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Questionable Integrity of #NuclearCommissionSAust scrutinised in 22 questions – Submission by Yurij Poetzl

submission goodSubmission To The Nuclear Fuel Cycle Royal highly-recommendedCommission Regarding Issues Papers 1 and 4 by Yurij Poetzl

I’m a private citizen and have no vested interest in the nuclear industry; however the nuclear industry does direct ly impact me, my family and my friends As a member of the public I wish to give evidence and express my concerns in regard to the issues being examined by the Royal Commission.

It is valid to examine economics and risks relating to the nuclear industry; however is the Royal Commission a fair and objective examination of the Nuclear Cycle? It has been disclosed that Kevin Scarce Is a shareholder in the Rio Tinto Group,who own and operate uranium mines in Australia and internationally. ls this a conflict of interest for the Royal Commissioner? It is of great concern that the Royal Commissioner has selected predominantly pro-nuclear experts for the R.C’s Advisory Committee (the single exception being Professor lan Lowe). See Appendix 1.

It also seems remiss that there isn’t any health or medical professionals engaged in the R.C’s Expert Advisory Committee or Key Commission staff. It’s well documented that by-products of the nuclear industry can have adverse effects on the health of the global community for many future generations. The omission of health experts makes me question whether the R.C is truly considering what is in my and the general public’s best interest.

The Public Health Association of Australia have made their position clear in regard to the R.C and the Nuclear Industry, see http :1 /www .phaa. net. au/ documents/item/51 0 or http://www  The Royal Commission could prove to be pivotal in South Australia’s future having significant and far reaching consequences, affecting many future generations; however, was the process leading toward the establishment the Royal Commission flawed?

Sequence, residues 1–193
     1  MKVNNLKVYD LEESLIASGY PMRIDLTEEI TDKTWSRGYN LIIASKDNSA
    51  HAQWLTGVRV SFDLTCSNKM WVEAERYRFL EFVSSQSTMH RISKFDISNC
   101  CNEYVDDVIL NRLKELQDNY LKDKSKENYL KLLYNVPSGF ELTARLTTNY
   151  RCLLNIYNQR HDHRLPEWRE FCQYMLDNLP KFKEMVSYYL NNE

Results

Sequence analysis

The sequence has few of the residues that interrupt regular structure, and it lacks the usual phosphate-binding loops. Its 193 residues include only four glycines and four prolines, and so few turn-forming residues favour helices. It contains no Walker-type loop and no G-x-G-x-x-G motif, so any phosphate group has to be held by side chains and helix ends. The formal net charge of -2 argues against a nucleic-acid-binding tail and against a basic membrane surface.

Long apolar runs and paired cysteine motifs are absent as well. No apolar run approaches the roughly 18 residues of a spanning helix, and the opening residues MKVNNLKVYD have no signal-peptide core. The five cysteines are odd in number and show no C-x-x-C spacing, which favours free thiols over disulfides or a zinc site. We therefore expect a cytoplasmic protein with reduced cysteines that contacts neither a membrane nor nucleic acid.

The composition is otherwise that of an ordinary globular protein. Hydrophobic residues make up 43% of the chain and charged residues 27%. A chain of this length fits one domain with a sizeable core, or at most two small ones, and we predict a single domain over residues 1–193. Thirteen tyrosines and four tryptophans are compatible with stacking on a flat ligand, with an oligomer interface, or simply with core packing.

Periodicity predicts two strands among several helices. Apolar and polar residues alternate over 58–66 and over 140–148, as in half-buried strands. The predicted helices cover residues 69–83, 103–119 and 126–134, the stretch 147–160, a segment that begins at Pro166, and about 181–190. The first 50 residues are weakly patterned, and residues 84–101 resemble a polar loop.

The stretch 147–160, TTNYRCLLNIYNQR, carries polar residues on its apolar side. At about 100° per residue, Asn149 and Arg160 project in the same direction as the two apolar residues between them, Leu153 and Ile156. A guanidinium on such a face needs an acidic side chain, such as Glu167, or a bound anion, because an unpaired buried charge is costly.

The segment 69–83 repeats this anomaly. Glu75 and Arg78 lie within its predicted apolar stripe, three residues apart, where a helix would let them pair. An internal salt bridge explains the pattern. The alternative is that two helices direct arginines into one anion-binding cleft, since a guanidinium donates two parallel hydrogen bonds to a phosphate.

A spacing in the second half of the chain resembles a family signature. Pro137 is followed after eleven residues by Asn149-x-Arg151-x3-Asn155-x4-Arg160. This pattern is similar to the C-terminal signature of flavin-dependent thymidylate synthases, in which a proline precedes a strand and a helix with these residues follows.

The S.A. public (and wider global communit y) deserve a balanced and unbiased assessment of the issues raised Appendix 2. Contains questions regarding issues papers 1 and 4  Yours sincerely Yurij Poetzl

Appendix. 1 4 of the 5 Royal Commissions Expert Advisory Committee appear to be pro nuclear. They are Professor Barry Brook, Dr Timothy Stone, John Carlson AM and Dr Leanna Read. Below is a brief summary oftheir involvement in the nuclear industry Professor Barry Brook is an active advocate of the Nuclear Industry. The self described”Promethean Environmentalist” is openly critical of people who have concerns regarding the Industry. Professor Brook is the author of, or contributor to several pro nuclear publications such as; Key role for nuclear energy in global biodiversity conservation, Australia’s nuclear options and, An Open Letter to Environmentalists on Nuclear Energy. To name a few.

Dr Timothy Stone is an advocate for nuclear power generation and nuclear industrial expansion in Australia. In the UK Dr Stone has held the position of Expert Chair ofthe Office for Nuclear Development and he is currently on the board of Horizon Nuclear Power as non-executive Director John Carlson AM has been Director General of the Australian Safeguards and Non-Proliferation Office. In part 6 of the introduction to Mr Carlson’s paper “Nuclear power for Australia”- an outline of the key issues he claims “Nuclear has a major advantage over other energy sources”. Later in the same document Mr Carlson states “Currently both major parties say that nuclear power is “offlimits”. While this is disappointing, at least it ensures neither side is making statements tlhat will later be embarrassing to retract” It is clear that Mr Carlson is pro nuclear providing the appropriate safeguards are met

Dr Leanna Read has publicly stated that she “has an open mind” regarding the Nuclear Industry. Dr Read is a Fellow of the Australian Academy ofTechnological Sciences and Engineering, which advocated for nuclear power in Australia in August 2014. This seems to contradict Dr Read’s claims of impartiality toward the nuclear industry Given the information in Appendix 1, can the Royal Commission be considered truly independent?

Appendix 2

  • Question: 1. Even with best practice and best intentions, industrial accidents happen. What infrastructure is currently in place, should a truck loaded with uranium oxide be involved in an accident in the Metropolitan area and whilst doing so, have a breach of its load or catch fire?
  • Question: 2. Is it possible to insure against a nuclear mishap and how is Public Liability insurance affected in an accident scenario?
  • Question: 3.Many environmentalists believe that The Roxby Downs Indenture Act 1982 al lows wide ranging exemptions from key environmental laws such as the SA Environmental Protection Act 1993, Freedom of information Act 1991 and the Natural Resources Act 2004 critical water resources and Great Artesian Basin. Is this true?